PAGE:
Almost alone among the Western news media, reporter George Seldes, who had previously been expelled from the Soviet union and fascist Italy for his reporting, agreed to the allegations. Seldes would spend the remainder of his long life accusing Mindszenty of being a Nazi collaborator, a Holocaust perpetrator, and a virulent anti-Semite. In his 1987 memoirs, Seldes wrote, “In 1948 the entire American section of the resident foreign press corps in Hungary implored me to report the facts about Cardinal Mindszenty’s collaboration with the Nazis, his part in the deportation of the Jewish population to Hitler’s death camps, and also to expose the scores of fraudulent news items coming from outside Hungary, from Vienna, London, Prague, and Rome especially, alleging drugging and torturing of the Cardinal.” On 3 February 1949, Cardinal Mindzenty’s show trial Showing visible signs of having been tortured, the Cardinal walked into the court and confessed to all charges. As he followed the trial, a weeping Pope Pius XII told Sister Pascalina Lehnert, “My words have come true and all I can do is pray; I cannot help him any other way.” On 8 February, Cardinal Mindszenty was sentenced to life imprisonment for treason and espionage. The government released a White Book Documents on the Mindszenty Case containing his confessions and case materials.
On 12 February 1949, Pope Pius XII announced the excommunication of all persons involved in the trial and conviction of Mindszenty. On 20 February 1949, the Pope addressed a series of questions to “an enormous crowd which had gathered in St. Peter’s Square” to protest the Cardinal’s show trial and conviction. He asked, “Do you want a Church that remains silent when She should speak; that diminishes the law of God where she is called to proclaim it loudly, wanting to accommodate it to the will of man? Do you want a Church that departs from the unshakable foundations upon which Christ founded Her, taking the easy way of adapting Herself to the opinion of the day; a Church that is a prey to current trends; a Church that does not condemn the suppression of conscience and does not stand up for the just liberty of the people; a Church that locks Herself up within the four walls of Her temple in unseemly sycophancy, forgetting the divine mission received from Christ: ‘Go out the crossroads and preach the people’? Beloved sons and daughters! Spiritual heirs of numberless confessors and martyrs! Is this the Church you venerate and love? Would you recognize in such a Church the features of your Mother? Would you be able to imagine a Successor of St. Peter submitting to such demands?” According to Sister Pascalina, who witnessed the rally, “In reply to the Holy Father came a single cry like thunder still ringing in our ears: ‘No!'”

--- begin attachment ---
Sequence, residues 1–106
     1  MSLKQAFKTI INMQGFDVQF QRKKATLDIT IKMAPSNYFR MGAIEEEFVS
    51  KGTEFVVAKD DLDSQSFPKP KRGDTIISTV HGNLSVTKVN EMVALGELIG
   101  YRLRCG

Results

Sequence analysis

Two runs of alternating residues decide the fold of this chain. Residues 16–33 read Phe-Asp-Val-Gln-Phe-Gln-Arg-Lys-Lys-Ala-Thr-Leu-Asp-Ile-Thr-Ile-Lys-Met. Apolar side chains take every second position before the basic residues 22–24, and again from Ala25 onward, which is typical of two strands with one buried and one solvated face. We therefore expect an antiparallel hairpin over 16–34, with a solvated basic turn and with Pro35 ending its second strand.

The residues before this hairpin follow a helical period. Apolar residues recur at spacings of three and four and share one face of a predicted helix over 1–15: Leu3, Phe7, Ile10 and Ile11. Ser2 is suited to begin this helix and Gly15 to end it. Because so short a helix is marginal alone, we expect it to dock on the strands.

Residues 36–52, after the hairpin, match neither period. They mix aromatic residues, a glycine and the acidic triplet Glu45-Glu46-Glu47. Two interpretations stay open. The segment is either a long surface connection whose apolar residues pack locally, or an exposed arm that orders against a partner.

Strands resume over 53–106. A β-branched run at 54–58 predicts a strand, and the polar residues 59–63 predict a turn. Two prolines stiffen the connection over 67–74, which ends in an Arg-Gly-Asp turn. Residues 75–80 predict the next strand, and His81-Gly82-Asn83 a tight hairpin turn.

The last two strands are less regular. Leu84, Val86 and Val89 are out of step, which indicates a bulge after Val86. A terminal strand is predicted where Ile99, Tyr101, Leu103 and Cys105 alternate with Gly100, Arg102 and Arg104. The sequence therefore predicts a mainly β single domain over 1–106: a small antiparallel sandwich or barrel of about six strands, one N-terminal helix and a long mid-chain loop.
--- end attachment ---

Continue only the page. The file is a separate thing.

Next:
On 30 October 1956, during the Hungarian Revolution of 1956, Mindszenty was released from prison. He returned to Budapest the next day. On 2 November, he praised the insurgents. The following day, he made a radio broadcast in favour of recent anti-communist developments.